The Theory of Relativity and What the Hell it Has to Do with My Life
I’m going to demystify relativity here. Because you always hear nowadays, “everything’s relative”. Mostly as a justification, sometimes as an intention to get out of a conflict. But we rarely ask ourselves what relativity is, what it means. It is not such a complicated philosophical concept that you couldn’t understand it. Einstein was no greater than you are. It wasn’t through some kind of extraordinary knowledge that he arrived at this conclusion. I don’t think that it was through reading hundreds or thousands of books (or however many books he read) that he came to understand relativity. It wasn’t a synthesis of all the existing academic knowledge before him. It was a going back to essence. In stillness, the world speaks to you.
Relativity is simply this: when you say something is big, what you are implying is that, that something is bigger than another thing. For example, the statement ‘your house is big’ actually says, ‘your house is bigger than the majority of houses’, or ‘ your house is bigger than mine’. So your statement says more about you than about the house. Why do I say this? Because it tells us what you are comparing something to, and this is an indication of what’s important to you.
The theory of relativity says that existence is relationship; existence means relationship; existence implies relationship. All three statements are equivalent. This means that you cannot have something without something other than it to compare it to. You cannot have one without two, you cannot have good without bad. If there was only good, then good would not exist, because we could not distinguish it from anything. If only bad existed, then you wouldn’t know it was bad, and maybe like this, it would be all good… Haha! Done with the jokes, bottom line is: If you want happiness, then you want its opposite too. That is it.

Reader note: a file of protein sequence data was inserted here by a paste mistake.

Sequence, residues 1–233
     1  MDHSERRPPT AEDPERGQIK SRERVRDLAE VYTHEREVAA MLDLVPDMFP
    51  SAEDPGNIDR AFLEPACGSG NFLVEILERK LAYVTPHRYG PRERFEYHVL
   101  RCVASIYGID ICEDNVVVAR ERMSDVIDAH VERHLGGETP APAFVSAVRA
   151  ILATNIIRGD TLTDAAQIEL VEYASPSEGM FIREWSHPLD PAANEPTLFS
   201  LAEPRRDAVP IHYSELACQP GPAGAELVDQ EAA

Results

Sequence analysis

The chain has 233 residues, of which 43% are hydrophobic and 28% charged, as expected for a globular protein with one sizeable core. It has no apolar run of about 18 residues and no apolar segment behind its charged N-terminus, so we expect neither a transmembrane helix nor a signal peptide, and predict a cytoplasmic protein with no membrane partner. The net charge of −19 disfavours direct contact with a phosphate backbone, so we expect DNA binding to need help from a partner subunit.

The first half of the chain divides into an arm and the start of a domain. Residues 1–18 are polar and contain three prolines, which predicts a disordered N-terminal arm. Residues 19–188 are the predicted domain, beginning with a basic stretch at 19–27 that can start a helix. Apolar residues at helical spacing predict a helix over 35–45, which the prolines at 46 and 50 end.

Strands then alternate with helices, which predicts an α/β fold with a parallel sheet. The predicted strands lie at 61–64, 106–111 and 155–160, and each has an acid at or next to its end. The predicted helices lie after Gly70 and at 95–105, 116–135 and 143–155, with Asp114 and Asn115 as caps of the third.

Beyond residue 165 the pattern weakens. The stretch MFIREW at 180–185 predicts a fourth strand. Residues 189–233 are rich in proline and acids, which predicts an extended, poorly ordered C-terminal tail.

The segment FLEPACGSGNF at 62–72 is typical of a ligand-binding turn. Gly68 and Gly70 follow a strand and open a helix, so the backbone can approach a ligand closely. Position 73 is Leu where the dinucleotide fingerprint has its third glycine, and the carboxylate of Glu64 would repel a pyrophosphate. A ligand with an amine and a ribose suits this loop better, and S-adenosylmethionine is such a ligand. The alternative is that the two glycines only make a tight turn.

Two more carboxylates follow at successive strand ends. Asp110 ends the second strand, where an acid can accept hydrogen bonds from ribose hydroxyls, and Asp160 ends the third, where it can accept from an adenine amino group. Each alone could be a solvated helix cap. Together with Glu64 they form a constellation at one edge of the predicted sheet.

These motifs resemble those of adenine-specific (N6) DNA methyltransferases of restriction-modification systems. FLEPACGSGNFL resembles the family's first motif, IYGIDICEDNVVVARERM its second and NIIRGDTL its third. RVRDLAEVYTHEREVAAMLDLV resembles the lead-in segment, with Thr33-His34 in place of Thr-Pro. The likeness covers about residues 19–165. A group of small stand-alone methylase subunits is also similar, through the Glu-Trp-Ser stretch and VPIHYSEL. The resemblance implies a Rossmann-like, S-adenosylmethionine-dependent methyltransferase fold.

We are still mostly unaware of this. We make grave statements with great ease and assume that they are ultimately true. We impose our views upon others when, in fact, we don’t even want them for ourselves. But our statements don’t say anything about the world, but they say a lot about ourselves.
Everything you say is a comparison. This is how you think. This is the way our minds work. We are trying to solve the mystery of life, the mystery of everything with this mind. What will you compare all there is with? You may say, “compare it with nothing”, but even nothing is part of all there is. Good luck!
[This is an excerpt from my book Trust: Life after Enlightenment, or How to live happily in a world without meaning, which you can find here https://www.amazon.com/Trust-Enlightenment-happily-without-meaning-ebook/dp/B07B9JSMQ2]